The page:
Stories From The Trenches: Adventures In Making High Octane Hollywood Movies With Cannon Veteran Sam Firstenberg (2020) Book Review



Siedelmann deserves massive credit for turning the spotlight on these rarely documented corners of movie history. He’s doing vital work in the service of cinema and should be recognized as the legitimate film historian he is.

Plot: A CAREER-SPANNING INTERVIEW BOOK ABOUT THE BELOVED HOLLYWOOD DIRECTOR SAM FIRSTENBERG. A TRIP LOADED WITH UNIQUE BADASS FILM HISTORY! Sam Firstenberg is mostly recognized as one of the important in-house directors during the outrageously successful heyday of the legendary Cannon Group. The journey of this interview collection starts even before he made his way to direct box office hits just like REVENGE OF THE NINJA, NINJA III: THE DOMINATION, BREAKIN‘ II: ELECTRIC BOOGALOO, AMERICAN NINJA, and several others. The conversations shed light on his origins and influences, including childhood memories, private biographical chapters, his years as a film student in Los Angeles, and his early work as an assistant director and technician for people like Menahem Golan, Charles Band, Ephraim Kishon, Boaz Davidson, and many more. The interviews are not chronological, but focus on every career-step, just as well as on every single movie Firstenberg ever directed until his retirement in 2002. His memories about all the projects he was involved in are packed with adventurous stories about ninjas and breakdancers, about directing action entertainment in exotic countries, and about working with numerous stars, among them Michael Dudikoff, Eric Roberts, JonRhys Davis, Hulk Hogan, Grace Jones, Nick Cassavetes, Zachi Noy, Richard Roundtree, Steve James, Sho Kosugi, and many more. Thirty years of filmmaking: STORIES FROM THE TRENCHES is also a book about the early film industry in Israel, the Hollywood star system and the no longer existing mid-budget movies. It’s about the home video boom, about the uprising and the decline of Cannon, but it also discusses the rules and traditions of the industry. Other topics are the practical way a film was put together in that era, the technical changes through the years, the different market situation compared to nowadays – and last but not least it’s a inside story about the early years of Nu Image and how Avi Lerners company continued the spirit of Cannon, but under different circumstances and times.

Review: Every filmmaker should be so lucky to have their career documented by Marco Siedelmann. The legacy of cult genre director Sam Firstenberg is explored in his newest book, “Stories from the Trenches: Adventures in Making High Octane Hollywood Movies With Cannon Veteran Sam Firstenberg”. If you think the title is long, wait until you see the phone-book sized tome itself. At a whopping 751 pages, it’s easily worth four times its price. A mix of interviews with Firstenberg and his collaborators and chapters written by the low budget legend himself, Siedelmann’s book is beyond comprehensive. The astoundingly in-depth interviews provide an unprecedented look at the business itself in the 80’s and 90’s. It’s a world rarely written about and never in such detail.

Sam Firstenberg is probably best known as the director of some of Cannon Films’ most beloved gonzo classics including American Ninja, Breakin’ 2: Electric Boogaloo and the demon possession/ninja mash-up Ninja III: The Domination. But his career was born well before those cult milestones and thrived for another two decades. Siedelmann and the director take deep dives into the big titles but it’s the equal focus on obscure direct-to-video films that sets this book apart.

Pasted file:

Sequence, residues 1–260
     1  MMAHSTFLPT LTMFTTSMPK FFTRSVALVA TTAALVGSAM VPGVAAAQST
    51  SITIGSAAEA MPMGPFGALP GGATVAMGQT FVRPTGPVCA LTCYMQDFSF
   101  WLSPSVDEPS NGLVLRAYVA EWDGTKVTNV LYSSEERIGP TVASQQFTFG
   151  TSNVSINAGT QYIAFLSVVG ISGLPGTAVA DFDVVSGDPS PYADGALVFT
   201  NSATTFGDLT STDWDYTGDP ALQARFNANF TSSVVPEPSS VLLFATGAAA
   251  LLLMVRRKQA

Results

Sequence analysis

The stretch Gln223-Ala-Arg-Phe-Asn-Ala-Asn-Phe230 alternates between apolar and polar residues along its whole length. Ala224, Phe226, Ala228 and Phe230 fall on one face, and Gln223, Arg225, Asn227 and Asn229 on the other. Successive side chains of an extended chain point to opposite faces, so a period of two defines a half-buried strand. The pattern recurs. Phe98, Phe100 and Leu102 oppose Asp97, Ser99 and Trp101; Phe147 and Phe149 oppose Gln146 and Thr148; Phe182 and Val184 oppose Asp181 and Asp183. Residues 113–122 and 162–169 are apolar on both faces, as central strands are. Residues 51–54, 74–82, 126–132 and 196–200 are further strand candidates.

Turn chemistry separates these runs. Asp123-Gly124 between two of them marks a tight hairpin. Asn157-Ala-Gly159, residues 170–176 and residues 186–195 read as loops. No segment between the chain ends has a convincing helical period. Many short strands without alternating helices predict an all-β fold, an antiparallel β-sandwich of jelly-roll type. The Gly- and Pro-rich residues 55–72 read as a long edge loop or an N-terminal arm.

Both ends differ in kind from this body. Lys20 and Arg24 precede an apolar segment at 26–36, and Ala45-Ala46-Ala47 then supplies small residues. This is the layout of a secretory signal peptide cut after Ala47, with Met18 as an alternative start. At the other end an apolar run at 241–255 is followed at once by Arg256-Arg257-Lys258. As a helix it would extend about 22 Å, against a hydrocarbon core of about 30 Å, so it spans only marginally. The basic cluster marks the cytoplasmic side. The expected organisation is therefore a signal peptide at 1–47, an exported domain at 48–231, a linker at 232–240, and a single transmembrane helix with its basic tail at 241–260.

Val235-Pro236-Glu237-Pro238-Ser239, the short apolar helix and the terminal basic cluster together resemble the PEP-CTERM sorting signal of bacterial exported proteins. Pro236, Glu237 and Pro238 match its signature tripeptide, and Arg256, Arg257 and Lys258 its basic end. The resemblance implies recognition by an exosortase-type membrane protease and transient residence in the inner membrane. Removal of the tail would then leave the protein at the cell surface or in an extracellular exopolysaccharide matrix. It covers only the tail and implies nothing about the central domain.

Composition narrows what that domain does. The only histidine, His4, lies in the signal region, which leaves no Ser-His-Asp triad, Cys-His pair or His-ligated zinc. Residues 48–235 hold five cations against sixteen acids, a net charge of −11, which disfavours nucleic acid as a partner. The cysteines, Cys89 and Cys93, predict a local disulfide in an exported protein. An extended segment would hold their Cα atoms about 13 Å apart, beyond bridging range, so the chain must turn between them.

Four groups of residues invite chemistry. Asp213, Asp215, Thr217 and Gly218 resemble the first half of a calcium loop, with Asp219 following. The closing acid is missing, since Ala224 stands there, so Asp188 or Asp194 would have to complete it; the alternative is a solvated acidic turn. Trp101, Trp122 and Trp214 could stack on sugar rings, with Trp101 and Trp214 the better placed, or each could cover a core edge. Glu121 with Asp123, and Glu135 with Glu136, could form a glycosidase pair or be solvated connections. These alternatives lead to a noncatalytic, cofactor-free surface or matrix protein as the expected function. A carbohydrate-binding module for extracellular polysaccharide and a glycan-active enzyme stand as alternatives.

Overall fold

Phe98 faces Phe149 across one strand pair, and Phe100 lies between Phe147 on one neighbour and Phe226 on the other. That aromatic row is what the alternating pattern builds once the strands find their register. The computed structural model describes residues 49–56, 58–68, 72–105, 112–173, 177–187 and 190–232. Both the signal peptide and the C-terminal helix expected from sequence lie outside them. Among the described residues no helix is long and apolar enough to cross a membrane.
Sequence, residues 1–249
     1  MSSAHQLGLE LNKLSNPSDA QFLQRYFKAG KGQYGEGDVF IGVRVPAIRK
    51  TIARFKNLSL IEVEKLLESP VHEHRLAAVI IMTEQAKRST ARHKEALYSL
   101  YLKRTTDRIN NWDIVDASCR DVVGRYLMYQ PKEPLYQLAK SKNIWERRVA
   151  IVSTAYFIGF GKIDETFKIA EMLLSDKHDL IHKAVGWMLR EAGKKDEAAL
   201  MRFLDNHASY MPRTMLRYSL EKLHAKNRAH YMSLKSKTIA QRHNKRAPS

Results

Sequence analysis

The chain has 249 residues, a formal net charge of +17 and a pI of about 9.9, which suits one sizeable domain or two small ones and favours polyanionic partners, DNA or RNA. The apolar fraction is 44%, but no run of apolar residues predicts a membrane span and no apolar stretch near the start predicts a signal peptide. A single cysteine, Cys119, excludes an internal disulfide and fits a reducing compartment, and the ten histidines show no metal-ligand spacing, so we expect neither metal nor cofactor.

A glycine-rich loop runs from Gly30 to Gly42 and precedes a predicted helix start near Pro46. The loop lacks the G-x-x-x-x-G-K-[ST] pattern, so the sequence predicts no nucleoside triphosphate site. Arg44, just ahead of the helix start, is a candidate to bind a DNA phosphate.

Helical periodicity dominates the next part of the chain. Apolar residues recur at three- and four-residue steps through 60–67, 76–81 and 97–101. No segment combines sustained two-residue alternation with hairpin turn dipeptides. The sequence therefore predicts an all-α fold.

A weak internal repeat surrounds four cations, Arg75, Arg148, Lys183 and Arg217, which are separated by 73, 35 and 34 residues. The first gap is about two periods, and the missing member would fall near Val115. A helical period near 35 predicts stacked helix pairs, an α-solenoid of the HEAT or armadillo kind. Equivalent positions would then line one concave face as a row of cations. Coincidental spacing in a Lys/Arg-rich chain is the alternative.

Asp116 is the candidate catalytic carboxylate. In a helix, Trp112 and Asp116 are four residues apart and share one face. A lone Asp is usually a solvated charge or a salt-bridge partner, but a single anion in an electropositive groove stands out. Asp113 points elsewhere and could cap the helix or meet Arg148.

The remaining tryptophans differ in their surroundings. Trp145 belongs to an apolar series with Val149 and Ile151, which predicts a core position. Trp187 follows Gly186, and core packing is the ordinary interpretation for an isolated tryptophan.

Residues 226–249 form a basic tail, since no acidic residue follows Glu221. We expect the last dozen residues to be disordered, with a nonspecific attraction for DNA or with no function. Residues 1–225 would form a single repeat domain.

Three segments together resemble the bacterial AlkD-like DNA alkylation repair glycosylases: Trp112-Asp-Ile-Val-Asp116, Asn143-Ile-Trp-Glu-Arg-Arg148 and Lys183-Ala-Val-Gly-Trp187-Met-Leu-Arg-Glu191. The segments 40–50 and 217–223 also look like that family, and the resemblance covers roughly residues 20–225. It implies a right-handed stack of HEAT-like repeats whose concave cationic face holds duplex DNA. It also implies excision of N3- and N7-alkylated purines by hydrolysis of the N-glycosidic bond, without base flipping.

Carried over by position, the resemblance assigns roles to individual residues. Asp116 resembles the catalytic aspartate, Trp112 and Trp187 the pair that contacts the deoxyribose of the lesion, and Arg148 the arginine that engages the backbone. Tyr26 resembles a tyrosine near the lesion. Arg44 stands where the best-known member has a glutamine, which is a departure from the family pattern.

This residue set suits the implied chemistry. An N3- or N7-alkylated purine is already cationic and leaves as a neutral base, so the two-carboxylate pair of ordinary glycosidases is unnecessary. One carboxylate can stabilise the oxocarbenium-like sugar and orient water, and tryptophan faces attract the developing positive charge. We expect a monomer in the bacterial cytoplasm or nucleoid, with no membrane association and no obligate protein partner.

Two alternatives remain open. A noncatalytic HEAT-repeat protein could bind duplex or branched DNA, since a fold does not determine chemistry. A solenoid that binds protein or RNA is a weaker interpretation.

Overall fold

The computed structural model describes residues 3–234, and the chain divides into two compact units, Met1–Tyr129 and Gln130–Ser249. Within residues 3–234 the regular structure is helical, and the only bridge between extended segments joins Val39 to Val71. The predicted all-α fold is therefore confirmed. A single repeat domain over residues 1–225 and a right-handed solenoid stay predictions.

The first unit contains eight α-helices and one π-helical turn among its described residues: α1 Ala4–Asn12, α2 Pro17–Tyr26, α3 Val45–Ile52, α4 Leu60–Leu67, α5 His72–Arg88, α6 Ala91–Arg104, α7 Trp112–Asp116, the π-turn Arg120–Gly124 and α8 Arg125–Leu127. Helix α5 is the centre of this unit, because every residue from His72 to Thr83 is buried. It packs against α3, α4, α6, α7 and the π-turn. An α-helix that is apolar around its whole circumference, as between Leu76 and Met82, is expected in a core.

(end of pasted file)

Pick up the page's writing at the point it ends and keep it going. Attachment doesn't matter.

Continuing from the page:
Siedelmann clearly loves these movies and that translates to a thorough, conversational interview style. In addition to Firstenberg, he talks with such genre icons as Lucinda Dickey, Michael Dudikoff and Steve Lambert. The book also looks beyond the director himself, offering a rare and fascinating peek into Cannon Films, Nu Image and the home video revolution. Packed with rare personal photos, production stills, script page scans and newspaper clippings, the book has a catch-all scrapbook feel of discovery. The gorgeous cover art makes a strong case for front facing this title on your shelf.

The chapters written by Firstenberg himself are a joy. In his introduction, he bemoans the fact that writing is not his “strong side” but his warm, conversational style is compulsively readable. He comes across as a smart, sensitive guy. He took the jobs that were offered to him, but still tried to bring a personal touch to even the most outrageous projects. His “Anecdotes From the Trenches” range from saving a life while filming American Ninja to a curious stay a mobster hotel in Bulgaria. One of the best involves a perilous motorbike trip down a mountain road with a very plump Shelly Winters in tow.

The real hero here is Siedelmann, the writer/publisher who put this mammoth project together. He humbly hands off the introduction and forward to others and doesn’t even include an “About the Author” section. But as Firstenberg points out in his intro, without this dedicated and passionate fan, this book would not exist. Siedelmann’s earlier book, “The Untold, In-Depth, Outrageously True Story of Shapiro Glickenhaus Entertainment”, documented the same VHS-tastic era of genre filmmaking via the company that gave us Frankenhooker, Moontrap and Red Scorpion. His other books, “Good Hot Stuff: The Life and Times of Gay Film Pioneer Jack Deveau” and “California Dreamin’: West Coast Directors and the Golden Age of Forbidden Gay Movies”, chronicled important barrier-smashing figures in the queer cinema movement. Siedelmann deserves massive credit for turning the spotlight on these rarely documented corners of movie history. He’s doing vital work in the service of cinema and should be recognized as the legitimate film historian he is.